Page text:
Chambers Dictionary defines the word ‘chintz’ thus:
‘chintz chints, n a glazed fabric cotton, usu printed in several colours on a white or light ground. – adj chintz’y covered with, or like, chintz; (of décor) flowery, like chintz (often derog), cheap, tawdry; mean, miserly. [Orig pl, from Hindi chit spotted cotton cloth]
So from this definition we can pick out a basic outline and history of chintz ceramics. We have an origin with the reference to ‘flowery’ fabric production in India at some time in the past with the term ‘chintz’ later being applied to anything ‘flowery’. And then there is the strange connection with cheapness or meanness. The following text will look deeper in to the chintz phenomenon and explore further the background to Chambers’ definition of chintz and Myott’s involvement with the art form.
England imported chintz fabrics from India in the seventeenth century. Becoming known as ‘Persian’ prints, these cotton cloths were durable and were used extensively in the English home of the period. The beautiful flowery patterns and the starched sheen of the fabric meant they could be wiped clean and gave the appearance of silk rather than cotton. The stay-fast dyes such as ‘madder’ from the Indian ‘chay’ plant produced bright colours, and although the fabric was extremely expensive in the seventeenth century, by the eighteenth century chintz had well and truly established itself in the homes of the English, Dutch and French. Country houses took the lead and chintz was very often used for quilt production a tradition that is still prevalent today.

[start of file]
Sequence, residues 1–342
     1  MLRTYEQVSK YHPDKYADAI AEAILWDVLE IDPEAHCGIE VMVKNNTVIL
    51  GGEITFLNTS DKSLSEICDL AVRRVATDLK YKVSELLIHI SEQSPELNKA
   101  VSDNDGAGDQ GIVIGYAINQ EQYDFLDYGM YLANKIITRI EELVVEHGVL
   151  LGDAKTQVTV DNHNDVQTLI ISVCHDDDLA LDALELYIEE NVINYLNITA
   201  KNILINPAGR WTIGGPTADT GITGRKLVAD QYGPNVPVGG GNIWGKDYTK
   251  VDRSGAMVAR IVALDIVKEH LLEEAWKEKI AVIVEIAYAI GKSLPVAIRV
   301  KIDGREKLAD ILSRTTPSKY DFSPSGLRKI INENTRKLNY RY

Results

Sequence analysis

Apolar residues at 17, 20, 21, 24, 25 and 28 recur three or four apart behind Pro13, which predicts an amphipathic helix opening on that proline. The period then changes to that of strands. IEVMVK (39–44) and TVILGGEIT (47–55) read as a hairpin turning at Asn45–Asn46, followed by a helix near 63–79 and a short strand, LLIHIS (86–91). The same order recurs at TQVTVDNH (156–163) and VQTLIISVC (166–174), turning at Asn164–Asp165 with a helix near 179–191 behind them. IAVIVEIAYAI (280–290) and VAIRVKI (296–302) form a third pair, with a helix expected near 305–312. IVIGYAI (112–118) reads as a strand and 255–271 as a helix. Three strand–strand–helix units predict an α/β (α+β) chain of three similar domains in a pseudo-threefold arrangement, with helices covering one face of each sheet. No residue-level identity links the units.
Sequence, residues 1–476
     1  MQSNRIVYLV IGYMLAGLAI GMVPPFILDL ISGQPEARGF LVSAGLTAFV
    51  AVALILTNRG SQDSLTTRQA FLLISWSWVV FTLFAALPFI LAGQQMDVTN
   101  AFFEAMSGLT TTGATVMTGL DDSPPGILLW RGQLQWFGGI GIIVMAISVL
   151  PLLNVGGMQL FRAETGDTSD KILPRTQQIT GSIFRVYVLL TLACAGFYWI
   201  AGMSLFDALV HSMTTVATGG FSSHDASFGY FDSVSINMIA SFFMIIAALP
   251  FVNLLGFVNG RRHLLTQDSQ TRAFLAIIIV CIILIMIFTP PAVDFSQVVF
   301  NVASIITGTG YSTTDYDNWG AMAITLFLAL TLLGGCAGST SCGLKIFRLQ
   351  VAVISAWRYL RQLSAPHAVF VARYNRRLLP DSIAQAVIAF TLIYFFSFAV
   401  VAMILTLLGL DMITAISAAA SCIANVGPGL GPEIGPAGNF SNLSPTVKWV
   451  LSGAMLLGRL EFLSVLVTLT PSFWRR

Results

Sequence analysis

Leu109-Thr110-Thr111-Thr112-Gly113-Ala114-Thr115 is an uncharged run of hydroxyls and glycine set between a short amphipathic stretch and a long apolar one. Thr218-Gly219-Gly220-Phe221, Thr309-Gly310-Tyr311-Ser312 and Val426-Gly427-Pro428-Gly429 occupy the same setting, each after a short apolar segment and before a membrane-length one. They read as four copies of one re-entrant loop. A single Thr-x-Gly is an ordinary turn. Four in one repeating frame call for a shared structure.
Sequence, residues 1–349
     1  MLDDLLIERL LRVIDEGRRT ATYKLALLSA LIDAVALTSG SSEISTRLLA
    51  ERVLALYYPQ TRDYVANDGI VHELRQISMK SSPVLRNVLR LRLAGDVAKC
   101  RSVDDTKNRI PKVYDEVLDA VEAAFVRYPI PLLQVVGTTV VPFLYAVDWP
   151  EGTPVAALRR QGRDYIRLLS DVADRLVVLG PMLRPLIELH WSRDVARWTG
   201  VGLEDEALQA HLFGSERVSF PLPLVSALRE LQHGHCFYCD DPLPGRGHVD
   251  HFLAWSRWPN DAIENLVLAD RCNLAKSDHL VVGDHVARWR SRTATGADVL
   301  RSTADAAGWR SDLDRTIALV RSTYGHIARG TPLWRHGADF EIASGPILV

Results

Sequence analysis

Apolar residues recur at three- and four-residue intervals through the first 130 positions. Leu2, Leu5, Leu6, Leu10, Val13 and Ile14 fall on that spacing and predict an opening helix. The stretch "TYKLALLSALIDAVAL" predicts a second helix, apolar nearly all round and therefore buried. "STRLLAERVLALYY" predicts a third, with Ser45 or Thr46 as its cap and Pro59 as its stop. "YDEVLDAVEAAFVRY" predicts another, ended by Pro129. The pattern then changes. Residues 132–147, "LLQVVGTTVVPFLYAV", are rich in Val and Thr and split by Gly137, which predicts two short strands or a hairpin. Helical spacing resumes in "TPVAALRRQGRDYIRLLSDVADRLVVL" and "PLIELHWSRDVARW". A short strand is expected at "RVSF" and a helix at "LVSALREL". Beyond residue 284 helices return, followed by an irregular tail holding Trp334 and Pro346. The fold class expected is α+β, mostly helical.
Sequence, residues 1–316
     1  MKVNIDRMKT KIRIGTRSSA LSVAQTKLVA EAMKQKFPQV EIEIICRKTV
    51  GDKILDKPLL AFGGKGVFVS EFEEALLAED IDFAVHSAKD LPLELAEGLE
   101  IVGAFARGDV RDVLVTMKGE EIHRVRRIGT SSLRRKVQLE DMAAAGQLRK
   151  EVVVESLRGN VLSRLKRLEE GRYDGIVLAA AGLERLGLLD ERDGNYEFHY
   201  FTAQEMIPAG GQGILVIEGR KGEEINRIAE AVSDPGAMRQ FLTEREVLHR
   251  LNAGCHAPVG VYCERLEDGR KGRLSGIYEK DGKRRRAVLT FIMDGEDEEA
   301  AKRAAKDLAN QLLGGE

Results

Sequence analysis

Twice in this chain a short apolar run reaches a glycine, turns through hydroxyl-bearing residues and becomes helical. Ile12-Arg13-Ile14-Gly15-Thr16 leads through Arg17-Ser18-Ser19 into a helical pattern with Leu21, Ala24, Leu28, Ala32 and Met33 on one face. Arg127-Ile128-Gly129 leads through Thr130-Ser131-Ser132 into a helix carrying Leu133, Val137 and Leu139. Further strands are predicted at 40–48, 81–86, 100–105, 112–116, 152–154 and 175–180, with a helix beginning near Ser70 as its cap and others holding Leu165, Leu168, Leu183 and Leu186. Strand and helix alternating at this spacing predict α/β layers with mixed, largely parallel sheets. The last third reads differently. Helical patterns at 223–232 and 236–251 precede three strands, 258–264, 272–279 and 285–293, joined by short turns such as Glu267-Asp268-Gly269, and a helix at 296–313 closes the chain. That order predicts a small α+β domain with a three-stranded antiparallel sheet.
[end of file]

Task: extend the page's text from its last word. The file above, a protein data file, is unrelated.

England’s involement with chintz fabric production began with designers sending patterns out to Indian hand-block printers and dyers, but by the early nineteenth century mechanised printing processes had been developed in Lancashire to allow home textile production. This had the advantage of increased production at cheaper cost and allowed chintz fabrics to be available to all walks of life.
Probably as a reaction to the success of Grimwade’s Royal Winton chintz output, Myott in the 1930’s stuck their finger in to the proverbial chintz pie with their own chintz patterns. Much of the output was produced for export, as can be seen today, many Myott chintz sales are located in America and Canada.
There were only a few chintz patterns produced, namely: ‘Summer Flower’, ‘May Flower’ (or ‘Spring Flower’) and Bermuda which made use of a larger floral pattern which was reflected in tastes of this later chintz period. The use of hand-painted areas was integrated with the flowery transfers, perhaps to stamp Myott’s own mark on the products or to overcome technical difficulties in applying the transfer to difficult areas such as spouts and handles.
In the late 1940’s and early 1950’s a range of floral chintz-like giftware products were made. These designs were even more ‘open’ than the Bermuda pattern with areas of the pieces left plain. These items were often signed and made use of silver and gilt to accentuate the patterns. Earlier blanks were used from the 1930 designs such as Pinch Neck Jugs, Dante (Chicken Neck) Jugs and Lemonade or Cider Jugs. Plates were also decorated to compliment the jugs. See the article dedicated to these later gift wares.